This is the “Long Night”. The longest night of the year, the time of the deep dark, that will pass with the rising of the sun, tomorrow morning.
It is a night that is pregnant with possibilities. The Goddess will give birth to, this night the Oak King, who will slay the Holly King in the spring.
Christians seem to think that this holiday was created by or for them, when in fact; Pagans were celebrating the Winter Solstice long before Christians were a twinkle in the Deity’s eye.
In Pagan cultures, we celebrate the birth of such deities as Bacchus, Mithras, Dionysus, and Sol. The Romans gave the name of Dies Natalis Solis Invictito (Day of the Unconquered Sun) to the holiday. With the rise of Christianity, Jesus was added to that list deities celebrated on December 25th.
Yule is actually what the Germanic (Heathens) call the Winter Solstice. Their celebrations include the burning of the Yule log, decorating trees, feasting and visiting with friends and family. The night before Yule, is c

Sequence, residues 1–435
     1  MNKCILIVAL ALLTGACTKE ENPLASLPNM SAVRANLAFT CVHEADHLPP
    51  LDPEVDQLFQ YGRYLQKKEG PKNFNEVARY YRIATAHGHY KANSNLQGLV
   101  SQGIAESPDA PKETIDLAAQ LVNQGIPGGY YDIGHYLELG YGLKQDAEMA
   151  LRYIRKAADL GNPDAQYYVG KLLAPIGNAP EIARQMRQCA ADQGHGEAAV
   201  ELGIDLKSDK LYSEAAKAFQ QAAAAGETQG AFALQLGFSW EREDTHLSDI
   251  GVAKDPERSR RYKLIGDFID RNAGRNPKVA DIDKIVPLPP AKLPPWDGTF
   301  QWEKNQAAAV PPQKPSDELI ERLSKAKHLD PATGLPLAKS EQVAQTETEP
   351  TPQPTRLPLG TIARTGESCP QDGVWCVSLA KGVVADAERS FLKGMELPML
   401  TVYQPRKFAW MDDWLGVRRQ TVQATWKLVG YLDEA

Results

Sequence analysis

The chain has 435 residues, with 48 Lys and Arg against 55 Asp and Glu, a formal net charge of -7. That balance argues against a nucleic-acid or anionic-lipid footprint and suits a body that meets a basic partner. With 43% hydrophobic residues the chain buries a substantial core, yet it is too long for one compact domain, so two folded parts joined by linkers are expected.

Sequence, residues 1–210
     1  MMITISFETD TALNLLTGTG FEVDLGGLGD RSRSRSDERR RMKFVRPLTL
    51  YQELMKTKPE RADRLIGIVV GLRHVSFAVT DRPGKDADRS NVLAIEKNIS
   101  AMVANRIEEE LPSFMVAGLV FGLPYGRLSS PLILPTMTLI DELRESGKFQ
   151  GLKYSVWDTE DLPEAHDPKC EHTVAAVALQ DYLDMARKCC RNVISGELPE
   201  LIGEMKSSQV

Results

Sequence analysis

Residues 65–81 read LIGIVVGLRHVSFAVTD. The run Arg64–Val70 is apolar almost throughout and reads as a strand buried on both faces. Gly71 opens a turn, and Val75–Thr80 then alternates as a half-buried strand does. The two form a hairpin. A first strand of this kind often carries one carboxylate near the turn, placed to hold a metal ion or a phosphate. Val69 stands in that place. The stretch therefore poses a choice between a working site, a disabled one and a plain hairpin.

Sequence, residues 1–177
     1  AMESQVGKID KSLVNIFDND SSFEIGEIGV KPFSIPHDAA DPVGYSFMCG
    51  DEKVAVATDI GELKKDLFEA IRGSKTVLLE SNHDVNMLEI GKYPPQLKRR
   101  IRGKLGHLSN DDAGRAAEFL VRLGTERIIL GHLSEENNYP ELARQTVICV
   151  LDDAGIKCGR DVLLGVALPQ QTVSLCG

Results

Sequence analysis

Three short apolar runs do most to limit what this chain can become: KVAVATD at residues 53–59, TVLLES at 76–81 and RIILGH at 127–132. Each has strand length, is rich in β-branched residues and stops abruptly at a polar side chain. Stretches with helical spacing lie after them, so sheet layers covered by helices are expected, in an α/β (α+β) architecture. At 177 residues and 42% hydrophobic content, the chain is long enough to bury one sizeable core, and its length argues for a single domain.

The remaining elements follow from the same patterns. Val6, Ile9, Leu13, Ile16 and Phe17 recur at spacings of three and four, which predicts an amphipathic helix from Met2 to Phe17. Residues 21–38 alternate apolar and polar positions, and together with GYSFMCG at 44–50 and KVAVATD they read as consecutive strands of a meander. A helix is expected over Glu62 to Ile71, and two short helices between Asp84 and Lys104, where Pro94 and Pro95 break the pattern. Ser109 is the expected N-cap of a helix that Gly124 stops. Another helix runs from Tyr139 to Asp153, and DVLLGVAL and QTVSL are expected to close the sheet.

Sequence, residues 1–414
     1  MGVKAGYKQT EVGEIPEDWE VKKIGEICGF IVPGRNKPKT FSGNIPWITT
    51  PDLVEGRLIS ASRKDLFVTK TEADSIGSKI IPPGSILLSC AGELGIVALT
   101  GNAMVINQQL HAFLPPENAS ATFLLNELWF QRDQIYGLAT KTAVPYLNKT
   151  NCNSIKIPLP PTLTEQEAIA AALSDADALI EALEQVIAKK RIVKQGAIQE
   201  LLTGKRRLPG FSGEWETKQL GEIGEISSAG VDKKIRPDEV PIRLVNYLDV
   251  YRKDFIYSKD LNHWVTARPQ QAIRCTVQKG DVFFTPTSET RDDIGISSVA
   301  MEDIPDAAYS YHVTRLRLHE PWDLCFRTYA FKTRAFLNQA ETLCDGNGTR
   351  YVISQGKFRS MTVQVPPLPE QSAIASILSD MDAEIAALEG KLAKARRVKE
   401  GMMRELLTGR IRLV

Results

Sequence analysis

alled Mordnacht, or “Mother’s Night” (Yule Eve), which is a celebration of the returning of fertility to the world.
Many Wiccans also call the holiday Yule, though their celebrations are a little lower key than those of the Asatrau (Heathens). Many will stay up and watch through the longest night, awaiting the birth of the new sun, signaling the beginning of the end of Winter and the journey toward Spring. Following the Asatrau traditions, there may be a tree and a Yule log.
Tradition is to have every member of the household sit on the Yule log and make a wish, and then to burn the Yule log all the way through the night, to ensure the wishes come true.
We feast, and sing. Give to the poor and to the needy, decorate and celebrate. We aren’t all that different, you see. We all have wishes for this season of joy. We are all awaiting the birth of something big.
May this season of joy, peace and love bring you and yours all the things that you need…
Blessed Yule, Merry Christmas, Happy Hanukkah, Happy Kwanza